When the Labour party came to office, it discovered a potential source of extra money for the NHS and, as the hon. Member for Runnymede and Weybridge (Mr. Hammond) said, it decided to make it produce more money--10 times more, an increase from £16 million to £160 million. However, we still do not know whether the Bill is an admission that the Government will look openly at the funding of the health service or a one-off response to an opportunity to raise more money by increasing an existing charge. The Government said nothing about such a move in their manifesto or during the general election, but it will mean that some people will make an additional contribution to the health service.

On Second Reading, we said that we did not like the Bill but that we would see what happened to it in Committee. I was not a member of the Committee, but I understand that proceedings there followed the same pattern as today's. For example, we made the sensible proposition, in new clause 1, that we should abolish the system under which general practitioners, such as my hon. Friend the Member for Isle of Wight (Dr. Brand), may collect money directly from someone involved in a road accident. General practitioners do not like to do that and most of them do not do so. We suggested that GPs should be paid for that service in the same way that they are paid for emergency treatment. That is a sensible proposition, but we have seen no movement in our direction by the Minister.

We also argued, with support from the Conservatives, that the legislation should not be retrospective. I am a lawyer by training and I have always sought to defend people against retrospective legislation. Whether its effect is big or small, the principle is wrong. We suggested that the date should be changed, but the Government have not conceded the point. The only concession made was on the need for clearer statistics, although the Minister was not very helpful when he was asked by my hon. Friends how many non-NHS and NHS doctors had said that they were in favour of the system. The Minister said that he had received representations, but he would not tell us how many.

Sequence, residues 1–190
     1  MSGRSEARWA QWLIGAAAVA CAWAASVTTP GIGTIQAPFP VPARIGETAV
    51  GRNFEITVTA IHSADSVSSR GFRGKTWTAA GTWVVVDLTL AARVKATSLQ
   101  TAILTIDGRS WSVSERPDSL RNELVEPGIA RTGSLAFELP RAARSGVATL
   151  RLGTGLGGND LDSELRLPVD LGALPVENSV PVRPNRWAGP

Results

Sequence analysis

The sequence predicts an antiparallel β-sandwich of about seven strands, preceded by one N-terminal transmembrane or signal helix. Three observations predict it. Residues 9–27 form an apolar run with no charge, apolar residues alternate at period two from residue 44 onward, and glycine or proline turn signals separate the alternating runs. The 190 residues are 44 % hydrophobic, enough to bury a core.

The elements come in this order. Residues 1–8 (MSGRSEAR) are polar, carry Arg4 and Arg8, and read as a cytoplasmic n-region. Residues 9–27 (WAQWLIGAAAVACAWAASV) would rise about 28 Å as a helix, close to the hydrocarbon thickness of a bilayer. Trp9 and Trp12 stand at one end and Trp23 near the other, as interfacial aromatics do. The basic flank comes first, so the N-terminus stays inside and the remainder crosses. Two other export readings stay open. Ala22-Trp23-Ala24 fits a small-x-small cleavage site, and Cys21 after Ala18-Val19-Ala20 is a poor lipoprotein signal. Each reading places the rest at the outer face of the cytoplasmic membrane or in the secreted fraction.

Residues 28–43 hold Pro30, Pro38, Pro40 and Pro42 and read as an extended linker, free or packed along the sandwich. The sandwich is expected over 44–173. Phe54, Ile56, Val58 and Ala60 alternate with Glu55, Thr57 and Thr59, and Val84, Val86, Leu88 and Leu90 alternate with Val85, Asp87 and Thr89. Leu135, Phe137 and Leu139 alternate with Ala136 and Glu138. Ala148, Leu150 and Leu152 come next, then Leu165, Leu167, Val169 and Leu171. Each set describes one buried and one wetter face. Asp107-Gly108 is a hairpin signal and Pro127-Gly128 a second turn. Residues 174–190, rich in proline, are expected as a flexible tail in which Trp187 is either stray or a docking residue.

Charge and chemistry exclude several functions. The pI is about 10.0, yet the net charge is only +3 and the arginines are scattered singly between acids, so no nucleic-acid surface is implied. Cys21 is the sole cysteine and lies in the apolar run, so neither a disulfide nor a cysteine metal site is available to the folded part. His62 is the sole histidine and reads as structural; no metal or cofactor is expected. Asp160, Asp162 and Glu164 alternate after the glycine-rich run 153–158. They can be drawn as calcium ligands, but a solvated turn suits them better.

The core issue is the financing of the health service. We will vote against Third Reading of the Bill because we cannot have uncertainty about how money for the NHS will be raised. It will be the Government's fault if, in the future, different categories of people are required to make contributions to the health service because they have been injured when undertaking certain activities. There is no difference in principle between people who drive and are involved in an accident paying into the health service through their insurance companies and

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people who go on sporting holidays and are injured--like my hon. Friend the Member for Montgomeryshire (Mr. Öpik), when he went paragliding--doing so. If we extend the principle behind the Bill, there is no reason why my hon. Friend should not pay for his treatment. By the same token, people who are injured in their local park, at their place of work or climbing up a ladder at home should have to pay. There is no logic in charging only those involved in road accidents because they could have been charged in the past. People do not believe the Government's claims on that point.

I am in favour of more funds for the health service, but I would also like to see a public debate about how to raise them and the Government have not so far responded to that. As my hon. Friend the Member for West Aberdeenshire and Kincardine said, we feel less reassured after proceedings on the Bill than we did before. We have supported from the beginning the Government's uncontroversial proposals to abolish the emergency treatment, but the Bill contains much more.

We shall once again try, therefore, to defeat the Bill, this time on Third Reading. It is, I expect, unlikely that we shall succeed, but if we do not try, we cannot succeed. Our consolation is that, whatever the hon. Member for Bolsover (Mr. Skinner) may think, we have a two-chamber Parliament. The other House has no Labour majority, and it contains many independent people of expertise and knowledge who may amend the Bill. We hope that the Bill will be amended in the way that we have proposed. The Government have not done so, and, no matter how unsupportable their arguments have been, they have remained resolute in opening the door to charges in the health service that have never been part of rational debate. We ask the House to reject the Bill, and to reconsider health service charging in another place, at another time and in a more comprehensive way.

Question put, That the Bill be now read the Third time:--

The House divided: Ayes 228, Noes 24.